The application is permitted to execute within the shadow environment (block 508) and the example session monitor 306 qualifies the application by monitoring its behavior (block 510). Turning to FIG. 5B, the example session manager 302 sends an authorization request message using the first network address (block 512). The first network address may be in an IPv6 format having a packet header and a payload. The packet header may include multiple destination addresses, the first of which is associated with the third party minor site that permitted the application download, and the second destination address including a network address for the application developer 102. As described above in connection with FIG. 4A, the address trust manager 110 receives the request from the session manager 302 and responds with a signed authorization message if the third party minor site was an approved site to distribute the application (see FIG. 4A, block 416).

If the example session manager 302 receives an indication of first network address authentication (block 514), then the example session manager 302 also determines whether a list of alternate/additional authorized network addresses were received (block 516). If so, then the addresses are stored in a secondary shadow registry, which is inaccessible to the application (block 518). Preventing access to the alternate/additional authorized network addresses minimizes the chances that the application, if tainted with malware, can spoof the authorized address(es) to circumvent authorization of the application. After storing the alternate/additional addresses in the secondary shadow registry (block 518), or if no alternate/additional addresses were received (block 516), the example session monitor 306 monitors the application for an instance of behavior violation (block 520). Application qualification by the example session monitor 306 may be performed in view of violation signatures from the example violation signature database 308. For example, the violation signature database 308 may store information indicative of patterns of malicious program behavior, such as repeated attempts to communicate with known rogue websites, repeated attempts to access system files unrelated to the application functionality, and/or other patterns of behavior indicative of malicious intent.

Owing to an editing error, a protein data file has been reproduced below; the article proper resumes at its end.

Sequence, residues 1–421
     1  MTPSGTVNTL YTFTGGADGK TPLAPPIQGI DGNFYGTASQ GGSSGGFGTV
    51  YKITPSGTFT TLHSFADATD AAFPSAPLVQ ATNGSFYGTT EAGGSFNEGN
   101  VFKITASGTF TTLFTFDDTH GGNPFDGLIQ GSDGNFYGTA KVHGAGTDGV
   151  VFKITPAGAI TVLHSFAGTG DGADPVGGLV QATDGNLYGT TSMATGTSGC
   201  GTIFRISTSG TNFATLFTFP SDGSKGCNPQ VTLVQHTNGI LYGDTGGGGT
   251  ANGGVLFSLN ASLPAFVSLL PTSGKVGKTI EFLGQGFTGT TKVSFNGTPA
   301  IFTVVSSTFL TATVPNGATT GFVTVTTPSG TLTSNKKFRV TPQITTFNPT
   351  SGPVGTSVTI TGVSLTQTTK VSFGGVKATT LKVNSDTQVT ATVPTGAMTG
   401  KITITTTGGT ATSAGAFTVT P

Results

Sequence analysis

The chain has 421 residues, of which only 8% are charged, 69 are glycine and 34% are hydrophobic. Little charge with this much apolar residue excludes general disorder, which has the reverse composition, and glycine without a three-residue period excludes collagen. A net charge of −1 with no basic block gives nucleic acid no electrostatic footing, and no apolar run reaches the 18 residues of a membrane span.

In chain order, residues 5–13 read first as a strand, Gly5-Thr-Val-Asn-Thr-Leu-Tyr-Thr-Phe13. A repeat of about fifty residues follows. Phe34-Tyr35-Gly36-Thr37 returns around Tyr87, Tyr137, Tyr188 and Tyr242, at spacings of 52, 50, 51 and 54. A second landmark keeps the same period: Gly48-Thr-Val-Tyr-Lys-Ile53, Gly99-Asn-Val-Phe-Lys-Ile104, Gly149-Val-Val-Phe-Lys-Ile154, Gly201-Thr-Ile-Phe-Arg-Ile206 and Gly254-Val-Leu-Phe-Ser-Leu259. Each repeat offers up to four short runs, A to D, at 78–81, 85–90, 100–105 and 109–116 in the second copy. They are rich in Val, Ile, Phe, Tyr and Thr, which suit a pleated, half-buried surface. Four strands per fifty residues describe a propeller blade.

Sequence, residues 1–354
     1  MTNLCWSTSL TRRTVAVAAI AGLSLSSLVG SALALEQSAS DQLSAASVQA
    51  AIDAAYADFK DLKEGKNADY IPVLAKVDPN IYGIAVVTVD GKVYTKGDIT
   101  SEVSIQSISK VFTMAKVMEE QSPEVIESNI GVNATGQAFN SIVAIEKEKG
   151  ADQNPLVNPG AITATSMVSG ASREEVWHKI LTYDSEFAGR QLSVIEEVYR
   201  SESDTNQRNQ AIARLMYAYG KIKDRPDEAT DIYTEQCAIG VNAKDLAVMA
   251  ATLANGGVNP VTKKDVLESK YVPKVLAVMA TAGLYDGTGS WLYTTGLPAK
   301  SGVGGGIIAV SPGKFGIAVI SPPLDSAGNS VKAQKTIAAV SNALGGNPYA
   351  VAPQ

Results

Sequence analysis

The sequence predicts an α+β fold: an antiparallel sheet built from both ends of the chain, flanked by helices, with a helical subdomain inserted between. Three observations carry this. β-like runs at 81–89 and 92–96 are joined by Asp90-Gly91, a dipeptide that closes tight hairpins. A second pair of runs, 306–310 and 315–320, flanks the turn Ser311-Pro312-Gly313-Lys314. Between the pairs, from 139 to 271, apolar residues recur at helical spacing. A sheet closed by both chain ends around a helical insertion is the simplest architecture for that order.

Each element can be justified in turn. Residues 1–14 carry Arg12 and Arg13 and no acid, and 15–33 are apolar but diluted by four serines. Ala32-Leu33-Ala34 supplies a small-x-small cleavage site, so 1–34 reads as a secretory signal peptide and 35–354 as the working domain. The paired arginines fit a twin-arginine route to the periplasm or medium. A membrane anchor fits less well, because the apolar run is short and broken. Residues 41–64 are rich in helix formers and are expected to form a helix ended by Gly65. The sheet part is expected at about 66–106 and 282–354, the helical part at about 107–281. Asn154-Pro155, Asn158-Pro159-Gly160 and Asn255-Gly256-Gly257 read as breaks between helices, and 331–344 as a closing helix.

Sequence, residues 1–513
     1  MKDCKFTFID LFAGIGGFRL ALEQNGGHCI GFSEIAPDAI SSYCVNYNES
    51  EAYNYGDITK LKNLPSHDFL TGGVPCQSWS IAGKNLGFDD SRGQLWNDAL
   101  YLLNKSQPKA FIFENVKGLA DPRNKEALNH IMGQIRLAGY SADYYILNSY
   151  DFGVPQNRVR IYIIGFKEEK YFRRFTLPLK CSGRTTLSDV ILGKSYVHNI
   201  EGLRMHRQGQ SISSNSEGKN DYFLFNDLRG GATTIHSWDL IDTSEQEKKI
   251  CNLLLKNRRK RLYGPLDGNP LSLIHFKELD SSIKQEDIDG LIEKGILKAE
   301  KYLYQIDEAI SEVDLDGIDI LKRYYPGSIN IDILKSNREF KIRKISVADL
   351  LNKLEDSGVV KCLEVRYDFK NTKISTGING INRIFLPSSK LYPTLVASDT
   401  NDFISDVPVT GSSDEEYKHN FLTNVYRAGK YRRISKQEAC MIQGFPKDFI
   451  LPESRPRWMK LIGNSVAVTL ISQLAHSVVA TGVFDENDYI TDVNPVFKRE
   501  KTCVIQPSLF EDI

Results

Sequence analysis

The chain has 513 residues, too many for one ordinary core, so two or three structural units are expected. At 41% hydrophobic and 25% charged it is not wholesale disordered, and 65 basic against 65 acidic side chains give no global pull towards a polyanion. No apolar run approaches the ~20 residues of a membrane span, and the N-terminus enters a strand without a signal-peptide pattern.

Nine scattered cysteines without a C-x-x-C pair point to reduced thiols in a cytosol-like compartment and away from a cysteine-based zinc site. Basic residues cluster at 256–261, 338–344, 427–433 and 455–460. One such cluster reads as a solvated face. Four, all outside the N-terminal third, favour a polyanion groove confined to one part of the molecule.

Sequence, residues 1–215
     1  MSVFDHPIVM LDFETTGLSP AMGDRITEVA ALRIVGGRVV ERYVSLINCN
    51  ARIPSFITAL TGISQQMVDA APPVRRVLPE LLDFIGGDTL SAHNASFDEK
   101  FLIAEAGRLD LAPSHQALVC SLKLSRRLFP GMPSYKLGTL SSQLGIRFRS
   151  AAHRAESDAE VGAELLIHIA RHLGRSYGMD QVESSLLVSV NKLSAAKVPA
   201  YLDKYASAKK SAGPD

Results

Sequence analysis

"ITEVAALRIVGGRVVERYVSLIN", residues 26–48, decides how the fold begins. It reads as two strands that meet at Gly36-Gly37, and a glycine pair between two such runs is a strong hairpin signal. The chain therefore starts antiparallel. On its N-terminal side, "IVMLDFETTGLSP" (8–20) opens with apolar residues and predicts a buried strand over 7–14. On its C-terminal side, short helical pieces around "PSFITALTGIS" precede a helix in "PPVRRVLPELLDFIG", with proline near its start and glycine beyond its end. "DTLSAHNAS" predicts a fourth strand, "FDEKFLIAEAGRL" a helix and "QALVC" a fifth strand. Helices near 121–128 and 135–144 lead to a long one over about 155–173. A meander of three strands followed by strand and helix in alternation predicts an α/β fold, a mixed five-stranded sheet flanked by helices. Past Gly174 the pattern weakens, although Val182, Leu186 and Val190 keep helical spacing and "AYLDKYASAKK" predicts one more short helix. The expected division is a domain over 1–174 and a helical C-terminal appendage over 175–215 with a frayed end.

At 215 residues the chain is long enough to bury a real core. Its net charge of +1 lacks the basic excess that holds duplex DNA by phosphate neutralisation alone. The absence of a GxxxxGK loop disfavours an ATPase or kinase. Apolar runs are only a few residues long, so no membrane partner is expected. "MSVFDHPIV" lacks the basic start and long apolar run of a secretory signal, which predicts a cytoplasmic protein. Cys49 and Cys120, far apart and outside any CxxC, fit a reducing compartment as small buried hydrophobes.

If the example session monitor 306 does not identify an instance of application behavior violation (block 520), the session monitor 306 determines whether to continue to monitor for one or more violations (block 522). In some examples, the application may be monitored for a threshold period of time (e.g., seconds, minutes, days, weeks, months, etc.) before it is deemed safe for full access to resources of the host computer 104 (block 522). In the event that no violations are detected during application execution in the sandbox session environment (block 520) for a threshold period of time (block 522), then the session monitor 306 may relinquish access to the real registry and/or file system of the host computer 104 (block 524). In other words, the example host manager 112 hands-off the application to the full resources of the host computer 104 after determining that the application is safe. As such, the example host manager 112 deconstructs the shadow environment (block 526).